Why haemmorhoids is often confused with other anal problems

Escrito por: Top Doctors®
Publicado:
Editado por: Top Doctors®

It is a common assumption that haemorrhoids are the only anal condition, however, there are more. Anal fistula and anal fissure are also frequently occurring conditions. It is estimated that about 40% of the population has some type of anal problem.

What are the different stages of haemorrhoids and how are they treated?

Haemorrhoids do not always require surgery and are classified into four stages. The first stage is one in which haemorrhoids bleed. The second stage is when they are prolapsed, that is when they exit and re-enter the anus when the patient defecates. The third stage is when the prolapsed haemorrhoid needs to be manually replaced, and the fourth stage is the most severe degree of prolapse. Surgery is carried out in stages three and four, as necessary.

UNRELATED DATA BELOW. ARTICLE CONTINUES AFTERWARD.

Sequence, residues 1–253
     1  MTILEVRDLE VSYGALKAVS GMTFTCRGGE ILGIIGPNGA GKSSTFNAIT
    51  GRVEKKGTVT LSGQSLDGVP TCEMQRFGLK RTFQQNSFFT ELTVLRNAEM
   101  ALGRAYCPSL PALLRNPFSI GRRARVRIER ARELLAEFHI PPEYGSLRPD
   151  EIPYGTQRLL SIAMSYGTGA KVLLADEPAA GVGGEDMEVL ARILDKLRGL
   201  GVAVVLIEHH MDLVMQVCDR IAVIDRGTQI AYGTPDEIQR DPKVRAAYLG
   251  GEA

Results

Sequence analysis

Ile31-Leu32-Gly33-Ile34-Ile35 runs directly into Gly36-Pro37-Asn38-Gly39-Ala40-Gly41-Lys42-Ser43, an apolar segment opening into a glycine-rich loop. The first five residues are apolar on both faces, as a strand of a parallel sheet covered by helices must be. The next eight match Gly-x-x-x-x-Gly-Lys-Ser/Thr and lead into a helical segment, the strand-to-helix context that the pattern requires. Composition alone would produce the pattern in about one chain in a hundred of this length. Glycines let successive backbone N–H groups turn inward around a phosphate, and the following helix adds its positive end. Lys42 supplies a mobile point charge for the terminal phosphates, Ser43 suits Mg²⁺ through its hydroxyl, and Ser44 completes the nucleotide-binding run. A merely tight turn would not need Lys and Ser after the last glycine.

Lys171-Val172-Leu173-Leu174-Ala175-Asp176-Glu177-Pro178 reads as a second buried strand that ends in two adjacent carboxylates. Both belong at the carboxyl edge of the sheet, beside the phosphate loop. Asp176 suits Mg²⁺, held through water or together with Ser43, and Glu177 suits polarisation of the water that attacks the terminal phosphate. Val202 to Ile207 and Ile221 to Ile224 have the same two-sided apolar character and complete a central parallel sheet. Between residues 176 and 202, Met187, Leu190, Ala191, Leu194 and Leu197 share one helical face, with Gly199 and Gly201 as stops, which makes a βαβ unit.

Haemorrhoid surgery is acrried out by a colorectal surgeon gives excellent results and generally eliminates haemorrhoids forever. However, it is a surgery that is postoperatively painful and requires painkillers. Curiously, although the wounds do not fully heal until 20 days after the operation, the pain usually ceases from the tenth day, probably, because the treated area has relaxed.

There are also other processes such as elastic band ligation, which is performed on an outpatient basis and consists of necrotising the haemorrhoid so it falls off within three or four days, or the use of sclerosing substances.

Haemmorhoids is often confused with anal fissure

Many people go to the proctologist's office with anal pain thinking they have haemorrhoids when, contrary to widespread belief, haemorrhoids really do not hurt. If there is pain, the problem is usually because of an anal fissure, which is nothing more than an exaggerated contraction of the internal sphincter that ends up causing a lack of blood supply, which in turn produces an ulcer. The most frequent causes of anal fissures are stress, anxiety and also chronic constipation. An anal fissure can be treated by a sphincterotomy, which consists of an incision that helps to relax the sphincter, thus solving the problem permanently.

 Topdoctors

Por Topdoctors
Coloproctología


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